The images bound in hardcover and published online capture the suffering of refugees in Australian offshore detention centers, though none were taken with cameras.
Instead, artificial intelligence was used to build images from statements filed for a now-abandoned court case, edited by a designer working with refugees to refine the details.
The result is the closest rendition to date of memories etched in the minds of people who arrived in Australian waters by boat and were detained by Australia on remote islands under deals struck with foreign governments to process their immigration claims.
From 2012, hundreds of asylum seekers were sent to the remote Pacific island of Nauru and Manus Island in Papua New Guinea, with some waiting years for their asylum claims to be processed.
Guarded detention centers on the islands were eventually closed, but many refugees remained on the islands, unable to leave unless they agreed to be repatriated to the countries they had fled. The numbers fell as some were resettled in other countries, were sent home, or evacuated to Australia for medical treatment. Some died.
On Saturday, the last remaining refugee on Nauru was transferred to Australia, according to advocates at the Asylum Seeker Resource Centre (ASRC), who are calling for the same to happen for more than 80 men still in PNG.
Australia no longer has a deal with PNG but maintains a processing agreement with Nauru, which means more asylum seekers could be sent there – if needed.
“As long as Nauru remains ‘open’ and refugees remain in limbo in PNG, the dark chapter of offshore detention will not be finally closed,” Ian Rintoul from advocate group Refugee Action Coalition said in a statement.
Challenge to immigration policy
Images in the book and online project, titled “Exhibit A-I,” were compiled by Australian lawyers who planned to challenge the Australian government over its immigration policy, but the case was abandoned before it reached court.
By sharing their memories, the refugees who took part hoped to remind society of the human cost of immigration policies they say punished them for seeking safety.
They’re speaking out as other countries consider their response to record numbers of people fleeing their homes due to conflict, persecution and violence. For some, Australia’s approach has been seen as a model, particularly in the United Kingdom, which wants to send some asylum seekers to Rwanda.
Saman, a 37-year-old Iranian refugee who spent nine months on Manus Island, said he doesn’t want to see it happen elsewhere.
“I’m never going to bring back the good years of my life. It’s gone,” said Saman, who asked to use an alias for privacy as he rebuilds his life. “But I don’t wish that upon another human being.”
In July 2013, Australia began telling those determined to be refugees who arrived by boat that they’d never settle in the country. Instead they would be resettled on Nauru, PNG or any third country that would take them, including the United States. More recently some have been sent to New Zealand.
The no-settlement policy didn’t apply to Saman, who had been sent to Manus Island months earlier after taking a boat from Indonesia to Australian waters in 2012.
When he arrived, there were fewer than 300 asylum seekers on the island, according to government figures. But by the time he left in November 2013, the number had nearly quadrupled to 1,139 and peaked at 1,353 in January 2014.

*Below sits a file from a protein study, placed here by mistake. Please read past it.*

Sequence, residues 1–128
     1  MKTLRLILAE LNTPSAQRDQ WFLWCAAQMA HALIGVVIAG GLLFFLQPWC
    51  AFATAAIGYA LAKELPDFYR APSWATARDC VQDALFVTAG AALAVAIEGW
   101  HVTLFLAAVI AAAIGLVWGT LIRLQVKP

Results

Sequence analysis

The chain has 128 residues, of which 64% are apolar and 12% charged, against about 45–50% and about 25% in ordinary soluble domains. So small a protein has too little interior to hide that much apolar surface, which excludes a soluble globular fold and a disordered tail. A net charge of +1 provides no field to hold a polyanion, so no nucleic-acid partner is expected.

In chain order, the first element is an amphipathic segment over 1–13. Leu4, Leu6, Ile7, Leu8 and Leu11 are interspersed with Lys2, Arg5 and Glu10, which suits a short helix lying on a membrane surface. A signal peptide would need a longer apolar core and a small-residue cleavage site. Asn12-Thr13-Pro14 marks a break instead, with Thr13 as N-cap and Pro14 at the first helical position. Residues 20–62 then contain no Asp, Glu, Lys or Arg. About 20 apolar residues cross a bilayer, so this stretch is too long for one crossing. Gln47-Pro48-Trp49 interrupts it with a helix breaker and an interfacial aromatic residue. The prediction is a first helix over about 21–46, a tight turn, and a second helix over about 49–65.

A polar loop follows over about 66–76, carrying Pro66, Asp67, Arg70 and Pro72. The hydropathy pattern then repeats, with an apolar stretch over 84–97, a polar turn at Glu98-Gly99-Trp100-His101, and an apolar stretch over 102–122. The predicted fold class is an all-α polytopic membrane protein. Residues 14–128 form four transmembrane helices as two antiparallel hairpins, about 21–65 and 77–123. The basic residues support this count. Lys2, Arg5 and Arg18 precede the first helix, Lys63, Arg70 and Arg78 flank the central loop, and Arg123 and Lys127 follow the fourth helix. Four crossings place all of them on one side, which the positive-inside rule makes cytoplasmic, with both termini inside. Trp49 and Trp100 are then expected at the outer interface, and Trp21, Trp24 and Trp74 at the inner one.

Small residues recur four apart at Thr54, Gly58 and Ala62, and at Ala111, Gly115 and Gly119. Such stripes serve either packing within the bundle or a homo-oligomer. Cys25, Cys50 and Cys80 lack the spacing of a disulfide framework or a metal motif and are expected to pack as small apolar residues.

Similar numbers were held on Nauru, where the refugee population hit a high of 1,233 in August 2014 – the last year asylum seekers were sent to either island.
Many remained on the islands for years.
Successive Australian governments have repeatedly defended the policy as necessary to deter traffickers who exploit desperate asylum seekers with promises of freedom for the cost of a boat trip. They claim it saves lives that otherwise may be lost at sea.
For years, the United Nations and human rights groups criticized the policy as “punitive” and a breach of Australia’s obligations under the 1951 Refugee Convention.
Recounting past trauma
The origins of “Exhibit A-I” date back to 2020 when lawyers at Maurice Blackburn, which specializes in class action suits, called for applicants to join a case against the Australian government over its offshore immigration policy.
Fifty people came forward and legal staff spent more than 300 hours recording their accounts of life inside the camps, the law firm said.
“One of the things we were really struck with was the everyday indignities – having a mattress on the floor because beds were seen as something that might become a weapon,” Jennifer Kanis, principal lawyer for Maurice Blackburn, told CNN.
“Not having enough toilets, then asking for cleaning things, so they could clean their toilets and being told you can’t have cleaning products because you might harm yourself. The lack of privacy in the showers, the tents leaking,” she added.
Lawyers compiling the accounts planned to use them in court to argue that Australia was detaining asylum seekers for far longer than it should reasonably take to process their visa applications, and that indefinite detention was unlawful.
But the same time the class action was making its way through the courts, a separate case run by another law firm based on similar arguments advanced to the High Court, which ruled in 2021 that indefinite immigration detention is lawful.
The class action fell apart.
“Usually what will happen is, you discontinue a case and you’d archive the file. And it sits there in our archives for seven years and then gets thrown away,” said Kanis.
“We really didn’t want to do that in this matter. We didn’t feel that that did justice to the people we’d been working with.”